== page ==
Earlier this month I gave a talk at the Continuing Education Center of Rancho Bernardo on “The Nation’s Library,” the Library of Congress. One of the great features available from that library is a collection of photos from the Historic American Buildings Survey (HABS). One of the New Deal programs set up to relieve unemployment during the Great Depression, HABS put unemployed architects and draftsmen to work documenting historic buildings across the country.
In my lecture I pointed out how HABS helped to win historic recognition for a privately-owned adobe house in Old Town, Casa de Machado, that eventually became part of Old Town State Historic Park.
Here, courtesy of the Library of Congress, is another historic San Diego County property from the HABS collection, photographed in 1937, the Oak Grove Butterfield Station.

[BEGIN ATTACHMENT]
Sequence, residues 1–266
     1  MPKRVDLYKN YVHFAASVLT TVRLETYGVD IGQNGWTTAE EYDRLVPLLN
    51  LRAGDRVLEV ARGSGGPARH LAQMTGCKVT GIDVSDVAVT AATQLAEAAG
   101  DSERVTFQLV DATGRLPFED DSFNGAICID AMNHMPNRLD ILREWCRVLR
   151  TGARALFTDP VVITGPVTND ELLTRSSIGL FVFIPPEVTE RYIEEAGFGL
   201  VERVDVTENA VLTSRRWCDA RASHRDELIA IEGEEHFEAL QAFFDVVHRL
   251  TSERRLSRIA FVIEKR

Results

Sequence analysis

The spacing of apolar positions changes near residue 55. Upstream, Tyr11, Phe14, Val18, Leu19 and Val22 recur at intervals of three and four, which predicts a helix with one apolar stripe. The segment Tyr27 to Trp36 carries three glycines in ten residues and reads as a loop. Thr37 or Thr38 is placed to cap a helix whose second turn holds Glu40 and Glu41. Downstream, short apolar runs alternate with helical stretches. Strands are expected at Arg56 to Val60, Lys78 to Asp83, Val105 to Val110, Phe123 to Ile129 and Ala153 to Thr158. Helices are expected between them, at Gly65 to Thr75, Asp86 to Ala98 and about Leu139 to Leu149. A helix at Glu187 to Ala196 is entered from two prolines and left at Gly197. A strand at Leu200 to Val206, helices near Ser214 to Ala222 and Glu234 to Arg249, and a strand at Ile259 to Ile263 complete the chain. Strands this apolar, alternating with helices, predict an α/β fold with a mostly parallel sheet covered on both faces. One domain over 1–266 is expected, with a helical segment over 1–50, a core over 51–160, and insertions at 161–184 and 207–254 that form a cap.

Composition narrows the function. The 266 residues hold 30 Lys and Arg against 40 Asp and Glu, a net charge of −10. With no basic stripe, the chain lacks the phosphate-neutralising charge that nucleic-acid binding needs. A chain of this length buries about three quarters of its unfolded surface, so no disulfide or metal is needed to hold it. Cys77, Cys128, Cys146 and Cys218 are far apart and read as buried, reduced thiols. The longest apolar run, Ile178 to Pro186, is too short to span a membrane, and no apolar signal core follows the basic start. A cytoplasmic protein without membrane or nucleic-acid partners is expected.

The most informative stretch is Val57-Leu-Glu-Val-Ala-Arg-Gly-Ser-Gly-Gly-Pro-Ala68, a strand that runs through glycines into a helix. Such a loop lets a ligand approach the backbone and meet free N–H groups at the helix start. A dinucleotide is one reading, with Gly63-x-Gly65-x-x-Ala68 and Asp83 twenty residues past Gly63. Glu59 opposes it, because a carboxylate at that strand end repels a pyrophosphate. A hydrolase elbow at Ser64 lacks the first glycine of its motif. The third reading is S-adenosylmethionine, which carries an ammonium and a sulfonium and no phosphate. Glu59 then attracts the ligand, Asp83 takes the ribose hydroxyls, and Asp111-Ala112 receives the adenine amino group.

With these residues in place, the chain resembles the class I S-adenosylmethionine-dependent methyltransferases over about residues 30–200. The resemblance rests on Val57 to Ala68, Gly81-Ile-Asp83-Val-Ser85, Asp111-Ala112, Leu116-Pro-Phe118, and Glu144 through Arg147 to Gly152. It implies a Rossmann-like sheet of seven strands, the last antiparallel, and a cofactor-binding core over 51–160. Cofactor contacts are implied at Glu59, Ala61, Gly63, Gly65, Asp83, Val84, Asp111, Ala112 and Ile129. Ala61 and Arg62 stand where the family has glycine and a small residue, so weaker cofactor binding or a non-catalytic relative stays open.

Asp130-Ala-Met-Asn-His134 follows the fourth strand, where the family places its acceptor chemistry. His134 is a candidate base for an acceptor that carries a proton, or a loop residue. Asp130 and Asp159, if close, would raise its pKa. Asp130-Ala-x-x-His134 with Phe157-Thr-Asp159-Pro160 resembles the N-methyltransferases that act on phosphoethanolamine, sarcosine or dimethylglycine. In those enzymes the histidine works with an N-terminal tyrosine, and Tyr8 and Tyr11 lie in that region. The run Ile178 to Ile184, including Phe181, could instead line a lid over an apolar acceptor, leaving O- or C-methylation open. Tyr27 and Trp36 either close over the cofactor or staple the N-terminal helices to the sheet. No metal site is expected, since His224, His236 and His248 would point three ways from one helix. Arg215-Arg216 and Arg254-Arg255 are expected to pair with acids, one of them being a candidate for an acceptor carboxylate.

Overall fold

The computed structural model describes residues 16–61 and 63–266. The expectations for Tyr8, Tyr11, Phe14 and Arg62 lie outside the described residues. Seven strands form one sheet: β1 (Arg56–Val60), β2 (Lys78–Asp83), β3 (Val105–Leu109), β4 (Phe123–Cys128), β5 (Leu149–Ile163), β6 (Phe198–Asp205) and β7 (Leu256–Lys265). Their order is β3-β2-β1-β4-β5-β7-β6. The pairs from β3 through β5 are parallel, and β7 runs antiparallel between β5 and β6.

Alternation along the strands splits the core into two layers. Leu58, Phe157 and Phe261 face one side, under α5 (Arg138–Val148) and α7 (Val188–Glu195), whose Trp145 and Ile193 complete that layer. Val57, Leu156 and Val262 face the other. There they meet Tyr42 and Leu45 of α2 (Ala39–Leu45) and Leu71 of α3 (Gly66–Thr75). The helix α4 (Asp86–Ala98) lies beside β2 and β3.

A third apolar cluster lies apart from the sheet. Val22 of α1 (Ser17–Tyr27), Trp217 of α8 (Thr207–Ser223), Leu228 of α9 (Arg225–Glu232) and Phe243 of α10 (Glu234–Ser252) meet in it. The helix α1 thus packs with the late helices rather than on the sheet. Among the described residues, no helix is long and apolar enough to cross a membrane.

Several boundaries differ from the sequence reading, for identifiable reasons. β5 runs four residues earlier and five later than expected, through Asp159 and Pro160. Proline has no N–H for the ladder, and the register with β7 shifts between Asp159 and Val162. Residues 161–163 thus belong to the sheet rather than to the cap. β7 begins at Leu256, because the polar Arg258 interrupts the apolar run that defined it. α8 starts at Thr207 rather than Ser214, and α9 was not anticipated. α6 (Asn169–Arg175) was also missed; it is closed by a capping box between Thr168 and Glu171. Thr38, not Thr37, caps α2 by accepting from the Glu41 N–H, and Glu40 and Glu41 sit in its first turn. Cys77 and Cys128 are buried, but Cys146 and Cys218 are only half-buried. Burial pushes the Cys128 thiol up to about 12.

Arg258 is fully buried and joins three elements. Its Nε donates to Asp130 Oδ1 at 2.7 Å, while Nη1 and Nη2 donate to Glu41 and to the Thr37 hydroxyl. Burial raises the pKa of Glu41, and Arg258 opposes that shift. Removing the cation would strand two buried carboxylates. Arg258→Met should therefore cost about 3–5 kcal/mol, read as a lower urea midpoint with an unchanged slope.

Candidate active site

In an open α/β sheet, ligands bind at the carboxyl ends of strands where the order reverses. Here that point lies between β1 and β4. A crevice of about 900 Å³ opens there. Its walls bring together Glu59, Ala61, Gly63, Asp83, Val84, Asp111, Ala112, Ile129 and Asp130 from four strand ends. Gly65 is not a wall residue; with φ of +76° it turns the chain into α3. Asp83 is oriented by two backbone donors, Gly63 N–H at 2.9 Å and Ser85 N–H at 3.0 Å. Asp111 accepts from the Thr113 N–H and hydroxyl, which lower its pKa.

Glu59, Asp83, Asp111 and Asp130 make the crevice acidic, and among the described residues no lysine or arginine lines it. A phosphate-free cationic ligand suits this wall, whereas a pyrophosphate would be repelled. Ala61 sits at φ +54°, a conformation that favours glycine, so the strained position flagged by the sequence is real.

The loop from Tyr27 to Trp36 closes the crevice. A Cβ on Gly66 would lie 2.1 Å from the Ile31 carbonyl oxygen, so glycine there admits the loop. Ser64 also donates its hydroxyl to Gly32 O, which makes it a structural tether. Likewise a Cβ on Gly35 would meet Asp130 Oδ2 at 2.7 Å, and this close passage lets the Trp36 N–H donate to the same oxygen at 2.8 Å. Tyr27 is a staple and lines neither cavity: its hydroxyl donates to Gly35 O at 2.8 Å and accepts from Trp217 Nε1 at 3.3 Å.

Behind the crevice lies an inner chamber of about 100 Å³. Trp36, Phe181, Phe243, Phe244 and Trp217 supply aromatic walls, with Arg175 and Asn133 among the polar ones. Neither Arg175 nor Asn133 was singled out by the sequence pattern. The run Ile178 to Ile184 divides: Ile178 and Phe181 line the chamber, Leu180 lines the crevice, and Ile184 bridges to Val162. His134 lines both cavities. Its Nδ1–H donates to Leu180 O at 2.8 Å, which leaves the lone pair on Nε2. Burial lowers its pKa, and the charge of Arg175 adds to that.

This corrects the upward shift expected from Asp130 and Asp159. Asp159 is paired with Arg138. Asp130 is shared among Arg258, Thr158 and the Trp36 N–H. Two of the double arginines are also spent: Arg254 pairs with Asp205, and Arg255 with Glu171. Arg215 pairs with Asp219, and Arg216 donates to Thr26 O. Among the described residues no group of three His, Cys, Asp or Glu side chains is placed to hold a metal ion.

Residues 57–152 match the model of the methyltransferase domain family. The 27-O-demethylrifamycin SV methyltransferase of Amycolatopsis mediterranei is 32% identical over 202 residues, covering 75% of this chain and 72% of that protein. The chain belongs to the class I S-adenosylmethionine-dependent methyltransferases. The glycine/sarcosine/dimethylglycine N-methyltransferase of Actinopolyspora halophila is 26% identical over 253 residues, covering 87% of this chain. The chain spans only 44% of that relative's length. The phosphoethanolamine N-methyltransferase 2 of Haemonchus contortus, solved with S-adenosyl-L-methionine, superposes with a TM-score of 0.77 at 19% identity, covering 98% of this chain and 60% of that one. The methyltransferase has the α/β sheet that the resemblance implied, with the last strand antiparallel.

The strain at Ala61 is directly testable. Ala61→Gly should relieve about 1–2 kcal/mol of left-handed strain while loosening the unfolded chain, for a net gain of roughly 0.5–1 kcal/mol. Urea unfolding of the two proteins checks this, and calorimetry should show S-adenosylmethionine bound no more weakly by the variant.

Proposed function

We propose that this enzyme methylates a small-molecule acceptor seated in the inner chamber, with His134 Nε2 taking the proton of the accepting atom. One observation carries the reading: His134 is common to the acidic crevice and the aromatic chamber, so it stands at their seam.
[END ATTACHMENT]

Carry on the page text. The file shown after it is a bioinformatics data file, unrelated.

The Butterfield Overland Mail Line was a stagecoach line that carried mail and passengers between Memphis, Saint Louis and San Francisco from 1858 to 1861. Stations were maintained at roughly 30-days travel time apart along the route. This building, in Oak Grove about 13 miles northwest of Warner Hot Springs, is one of only three surviving station buildings. While it has been designated a National Historic Landmark, the adobe building is under private ownership, occupied by a store open during normal business hours.
Sources for this post included the Library of Congress, the National Park Service, and the book, Historic Stage Routes of San Diego County, by Ellen L. Sweet and Lynn Newell.